In comparison, MSRP for the Mk. IV Series 70 is $979 (at the time of this writing), but it seems prices are falling since the purchase of this example for a buck more than the MSRP (and some $200 less than the gun store was originally asking because of its exclusive, hard-to-get nature).  Probably because of Colt’s recent excursion into bankruptcy, you can find Mk. IV Series 70 pistols at online gun stores for well south of $900, and is some cases even below the $850 mark.  That makes this a good time to add one to the collection, as these pistols were going from several hundreds of dollars more just a few months ago before Colt’s recent bankruptcy announcement.

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A Look at the Colt Mk. IV Series 70


Colt's Custom Shop Mk. IV Series 70 in stainless

Colt’s Custom Shop Mk. IV Series 70 in stainless

This week we’re taking a break from travel and photography and concentrating on another of my varied areas of interest — firearms. We’ll begin with a rather rare bird, a new Colt Mk. IV Series 70. The example you see here is in stainless steel.

But first a history lesson on the Colt “Government Model” M1911 Series 70 versus the Series 80, and the controversy surrounding the latter.

Colt's Custom Shop Mk. IV Series 70 in stainless

Colt’s Custom Shop Mk. IV Series 70 in stainless

The Mk. IV Series 70 dates from the year 1970. It differed from the previous M1911A1 (1924) in that the pistol had installed a split barrel bushing (sometimes referred to as a “collet bushing”) to increase accuracy of an already very accurate handgun. The following photos from Hooper Gun Works illustrate the difference between the two bushings. The first show the differing bushings installed onto a Colt barrel, and the second is a close-up of the actual bushings:

Traditional bushing (left); Series 70 split barrel “collet” bushing (right); both installed on barrels

Traditional bushing left; split barrel bushing right

To be brutally frank about it, the split barrel “collet” bushing was a bit of a disaster. The fingers had a tendency to break off and jam the pistol. So, by 1988 the split barrel bushing gave way to a return to the solid bushing in later iterations of the Colt M1911 line.

Colt Mk IV roll mark

Colt Mk IV roll mark

Colt ended the Mk. IV Series 70 in 1983 with the introduction of the Series 80. This M1911 initially retained the split barrel bushing, but it incorporated a new feature hated by M1911 purists. It is theoretically possible that if a cocked-and-locked M1911 is dropped onto a hard surface in such a way that the muzzle strikes first, the free-floating firing pin may have enough inertia to overcome the tension of the firing pin spring and thus impact the bullet primer. This could produce an unintended discharge.

M1991A1 roll mark

M1991A1 roll mark

Colt addressed this concern in 1983 by redesigning the firing system to incorporate a firing pin block. The firing pin block is disengaged by the trigger mechanism as the trigger is pulled. So, why the controversy among 1911 purists? After all, isn’t increased firearm safety a good thing?

Apparently, not if it adversely impacts a great single-action trigger . . . or even if it’s merely imagined to do so.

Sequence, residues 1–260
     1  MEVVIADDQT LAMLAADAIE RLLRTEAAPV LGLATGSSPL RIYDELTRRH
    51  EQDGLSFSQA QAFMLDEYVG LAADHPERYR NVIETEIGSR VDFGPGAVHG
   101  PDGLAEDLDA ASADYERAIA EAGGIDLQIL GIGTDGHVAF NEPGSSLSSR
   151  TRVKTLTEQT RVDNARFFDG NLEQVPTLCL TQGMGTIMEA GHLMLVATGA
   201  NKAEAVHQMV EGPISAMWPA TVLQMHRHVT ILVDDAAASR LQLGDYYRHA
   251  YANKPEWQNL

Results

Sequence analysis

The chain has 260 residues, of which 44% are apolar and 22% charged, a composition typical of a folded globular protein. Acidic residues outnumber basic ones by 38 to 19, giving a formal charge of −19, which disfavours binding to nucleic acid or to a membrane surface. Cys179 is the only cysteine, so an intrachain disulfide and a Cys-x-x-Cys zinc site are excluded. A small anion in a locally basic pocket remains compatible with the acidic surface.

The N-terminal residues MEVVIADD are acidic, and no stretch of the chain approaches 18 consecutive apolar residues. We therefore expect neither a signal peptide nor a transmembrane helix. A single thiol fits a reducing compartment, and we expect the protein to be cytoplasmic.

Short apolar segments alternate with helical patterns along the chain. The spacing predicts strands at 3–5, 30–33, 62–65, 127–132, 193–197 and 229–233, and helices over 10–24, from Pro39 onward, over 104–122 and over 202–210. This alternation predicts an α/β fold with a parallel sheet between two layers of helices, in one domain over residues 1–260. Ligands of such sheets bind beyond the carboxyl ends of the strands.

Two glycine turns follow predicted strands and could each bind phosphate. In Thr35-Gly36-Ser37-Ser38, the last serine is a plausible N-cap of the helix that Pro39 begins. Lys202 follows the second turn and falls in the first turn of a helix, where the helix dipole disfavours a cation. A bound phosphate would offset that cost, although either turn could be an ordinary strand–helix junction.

Mk IV reverse side

Mk IV reverse side

Many claim that this trigger-deactivated firing pin block increased trigger weight and friction. I’ll be testing this claim on Wednesday with a video of a test I performed that pits Mk. IV Series 70 pictured here up against a Colt M1991A1 with the so-called Series 80 trigger. Not in the video but outlined in the text on Wednesday are additional comparisons I performed with a stainless Colt M1991A1 chambered in .38 Super and another .45 ACP Colt M1991A1 identical to the one used in the video. I believe you’ll find the results most enlightening, and I’m sure very controversial among M1911 purists.

M1991A1 reverse side

M1991A1 reverse side

By now you’re asking, how the heck did Series 70 come to mean a trigger that dates from 1911 to 1983, while Series 80 describes the trigger system with a firing pin block incorporated in 1983? Good question, since the Series 70 was so designated not because of the trigger system, but rather because of the split barrel “collet” bushing — a bushing that continued on in the Series 80 pistol for some five years. The answer is convenience. It’s just easier to differentiate between the original internal trigger design of the M1911 to the later firing pin block design by referring to the two designs as “Series 70” and “Series 80” firing systems.

Here is another photo from Hooper Gun Works that illustrates one of the modifications made, in this case to the hammer:

Notched Series 70 hammer on left; shelved Series 80 hammer on right

(Note: There is a competing firing pin block design out there for the M1911 in which the firing pin block is deactivated by the grip safety rather than the trigger. It’s called the Swartz Firing Pin Safety, and it’s used by some competing M1911 producers such as Kimber and Smith & Wesson. Ironically, Colt pioneered the Swartz system in 1938, but dropped it after only three years because the U.S. military balked at the added expense, as did the civilian market. Modern manufacturing processes have allowed the economical reintroduction of the Swartz system, but Colt have stuck with the Series 80 firing system.)

Around the turn of the century it began to dawn on Colt that M1911 purists were leaving the fold for competing M1911s produced without the “trigger degrading” Series 80 firing pin block. This resulted in Colt reintroducing a “Mk. IV Series 70” that really isn’t much like the one produced from 1970 to 1983. For one thing, there was no return to the split barrel bushing. The Series 80 slide and frame were also retained, even if the firing pin block was removed. Of interest to some may be the fact that Colt continues to use in the reintroduced Series 70 the internals of the Series 80. That means the shelved hammer pictured above is still used rather than the earlier notched hammer. What Colt is giving you with the new Mk. IV Series 70 is in fact a Series 80 pistol with Series 80 trigger system parts, only without the actual firing pin block. This removes from the trigger-feel equation the internal movement that disengages the firing pin block.